Home / Knowledge / News / Textiles / India needs 90 mn non-farm jobs in 2023-2030: McKinsey

India needs 90 mn non-farm jobs in 2023-2030: McKinsey

Aug '20
Pic: Shutterstock
Pic: Shutterstock
India needs to create 90 million non-farm jobs between 2023 and 2030 to absorb new workers and an additional 30 million workers who could move from farm work to more productive non-farm sectors, according to a report by the McKinsey Global Institute, which said annual gross domestic product (GDP) growth of 8-8.5 per cent will be required after the pandemic with continued strong productivity growth and faster employment growth than in the past.

“To absorb this influx, the country will need about 12 million additional gainful non-farm jobs every year starting in fiscal-year 2023, triple the four million non-farm jobs created annually between 2012 and 2018. If an additional 55 million women enter the labour force, at least partially correcting historical underrepresentation, India’s job creation imperative would be greater," said the report titled ‘India’s Turning Point: an economic agenda to spur growth and jobs’.

“Choosing a high-growth path that creates 90 million gainful jobs requires India to simultaneously increase its rate of employment growth sharply and maintain its historically strong productivity growth. To achieve 8 per cent to 8.5 per cent GDP growth, net employment would need to grow by 1.5 per cent per year from 2023 to 2030, similar to the average net employment growth rate of 1.5 per cent that India achieved from 2000 to 2012, but much higher than the flat net employment (growth rate) experienced from 2013 to 2018," it said.

India will also need to maintain annual productivity growth at 6.5-7 per cent, which it achieved from 2013 to 2018, the report said. The two objectives—employment generation and growth—are not contradictory and “indeed, employment cannot grow sustainably without high productivity growth and vice versa", the report noted.

In the absence of urgent steps to spur growth, “India risks a decade of stagnating incomes and quality of life", the report said. Besides, in the high growth path, the manufacturing and construction sectors can accelerate the most.

A focused and enabling environment could potentially create 11 million new jobs in manufacturing, 24 million in construction, 22 million in the labour-intensive service sectors and 30 million in the knowledge-intensive service sectors, the report said and clarified that McKinsey looked beyond the pandemic with scenarios beginning in fiscal 2023, “assuming India takes steps to transition out of the covid-19 recession by then".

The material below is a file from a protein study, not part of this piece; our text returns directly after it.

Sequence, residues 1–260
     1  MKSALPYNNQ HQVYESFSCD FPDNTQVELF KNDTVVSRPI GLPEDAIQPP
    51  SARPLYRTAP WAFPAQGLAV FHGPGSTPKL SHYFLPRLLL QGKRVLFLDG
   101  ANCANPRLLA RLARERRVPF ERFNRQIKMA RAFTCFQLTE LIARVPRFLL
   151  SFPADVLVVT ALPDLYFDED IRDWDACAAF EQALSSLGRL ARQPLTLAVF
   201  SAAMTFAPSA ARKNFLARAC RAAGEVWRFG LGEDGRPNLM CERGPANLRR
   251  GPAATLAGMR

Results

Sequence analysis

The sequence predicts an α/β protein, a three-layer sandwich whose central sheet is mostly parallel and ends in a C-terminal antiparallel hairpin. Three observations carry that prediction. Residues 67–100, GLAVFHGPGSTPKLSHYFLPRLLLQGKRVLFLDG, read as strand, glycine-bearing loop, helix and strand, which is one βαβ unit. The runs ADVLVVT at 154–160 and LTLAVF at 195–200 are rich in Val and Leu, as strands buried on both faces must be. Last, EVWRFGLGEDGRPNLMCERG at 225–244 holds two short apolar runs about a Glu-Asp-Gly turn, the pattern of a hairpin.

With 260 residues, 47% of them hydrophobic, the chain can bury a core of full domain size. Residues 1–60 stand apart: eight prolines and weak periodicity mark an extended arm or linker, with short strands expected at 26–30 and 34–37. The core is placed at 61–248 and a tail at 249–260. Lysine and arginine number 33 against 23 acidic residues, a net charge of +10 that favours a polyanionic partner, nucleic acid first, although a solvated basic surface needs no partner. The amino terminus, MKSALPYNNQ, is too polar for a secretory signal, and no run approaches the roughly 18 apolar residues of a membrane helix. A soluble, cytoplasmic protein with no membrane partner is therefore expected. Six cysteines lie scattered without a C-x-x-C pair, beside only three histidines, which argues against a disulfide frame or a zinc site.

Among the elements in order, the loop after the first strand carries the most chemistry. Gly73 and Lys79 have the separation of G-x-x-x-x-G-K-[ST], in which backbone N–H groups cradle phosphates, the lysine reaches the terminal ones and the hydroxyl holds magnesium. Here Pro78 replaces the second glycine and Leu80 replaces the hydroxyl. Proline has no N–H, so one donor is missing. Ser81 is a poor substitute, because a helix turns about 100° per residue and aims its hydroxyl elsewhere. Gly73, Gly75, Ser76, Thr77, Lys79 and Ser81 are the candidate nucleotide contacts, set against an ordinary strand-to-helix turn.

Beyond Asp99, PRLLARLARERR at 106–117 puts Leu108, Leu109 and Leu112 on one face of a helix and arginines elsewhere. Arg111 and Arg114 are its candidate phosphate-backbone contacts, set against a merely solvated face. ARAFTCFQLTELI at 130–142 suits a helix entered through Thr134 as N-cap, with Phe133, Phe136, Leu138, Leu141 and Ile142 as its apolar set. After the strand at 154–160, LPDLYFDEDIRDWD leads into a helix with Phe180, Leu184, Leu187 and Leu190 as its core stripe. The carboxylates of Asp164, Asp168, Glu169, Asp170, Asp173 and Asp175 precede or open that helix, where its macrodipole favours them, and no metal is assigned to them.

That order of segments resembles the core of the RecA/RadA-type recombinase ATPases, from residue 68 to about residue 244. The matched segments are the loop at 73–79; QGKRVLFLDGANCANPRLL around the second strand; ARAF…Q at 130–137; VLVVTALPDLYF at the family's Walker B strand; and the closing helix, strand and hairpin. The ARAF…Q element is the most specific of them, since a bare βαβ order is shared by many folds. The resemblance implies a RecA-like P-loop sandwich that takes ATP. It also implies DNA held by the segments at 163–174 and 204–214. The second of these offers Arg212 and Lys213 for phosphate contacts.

“If India fails to put in place measures to address pre-pandemic trends of flat employment and slowing economic growth and does not manage the crisis adequately, its economy could expand…with a decadal growth of just 5 per cent," it said underlining that in such a situation, the economy would absorb only six million workers compared to 60 million in the high-growth path, marking a decade of lost opportunity.

The McKinsey report said sector-specific policies for improving productivity in manufacturing and real estate, reducing the cost of doing business, unlocking supply in land markets, creating flexible labour markets, privatizing 30 or so of the largest state-owned enterprises can raise productivity and competitiveness.

Fibre2Fashion News Desk (DS)

Must ReadView All

Pic: Shutterstock

Apparel/Garments | On 21st Oct 2020

Not much gain for Bangla RMG exporters from PRC decision

Despite China offering duty-free market access to 97 per cent of...

Pic: Shutterstock

Retail | On 21st Oct 2020

UK BEIS Committee seeks firms' replies on forced labour

The Business, Energy and Industrial Strategy (BEIS) Committee of the...

Pic: Shutterstock

Retail | On 21st Oct 2020

NRF, EuroCommerce to reinforce cooperation on data flow

How to legally transfer customer and employee data across the...

Interviews View All

Nuno Venda, ROQ

Nuno Venda

‘There has been an increase in demand for water based inks, rather than...

Textile Industry, Head honchos

Textile Industry
Head honchos

Main challenges are breakdown of supply chain and shrinkage of manpower

Top executives, Textile industry

Top executives
Textile industry

Sri Lanka has a good sustainable track record and strong stories to back it

Carmen Makover,

Carmen Makover

Leading the digital textile printing industry, Israel-based Kornit...

Mario Ploner,

Mario Ploner

<div>Italian company Tecnomeccanica Biellese specialises in planning and...

Tina Antoniades,

Tina Antoniades

India-headquartered Lulu &amp; Sky is a rapidly escalating brand with the...

Pierre Wiertz, EDANA

Pierre Wiertz

Pierre Wiertz talks about the vast world of sustainable nonwovens and...

Marcel Alberts, Eurofibers

Marcel Alberts

Coating at a fibre level is a practice not usually seen in the...

Eric Scholler, Groz-Beckert

Eric Scholler

The Indian market has huge potential in technical textiles, and by far,...

Aneeth Arora, Péro

Aneeth Arora

The Woolmark Company has partnered with handmade fashion label Péro and...

Sneha Arora, Label Sneha Arora

Sneha Arora
Label Sneha Arora

Sneha Arora, an alumnus of National Institute of Fashion Technology,...

Madhu Jain, Madhu Jain

Madhu Jain
Madhu Jain

She grew up in the walled city of Old Delhi, completed her studies, and...

Press Release

Press Release

Letter to Editor

Letter to Editor

RSS Feed

RSS Feed

Submit your press release on


Letter To Editor

(Max. 8000 char.)

Search Companies


Leave your Comments

October 2020

Subscribe today and get the latest update on Textiles, Fashion, Apparel and so on.

Advanced Search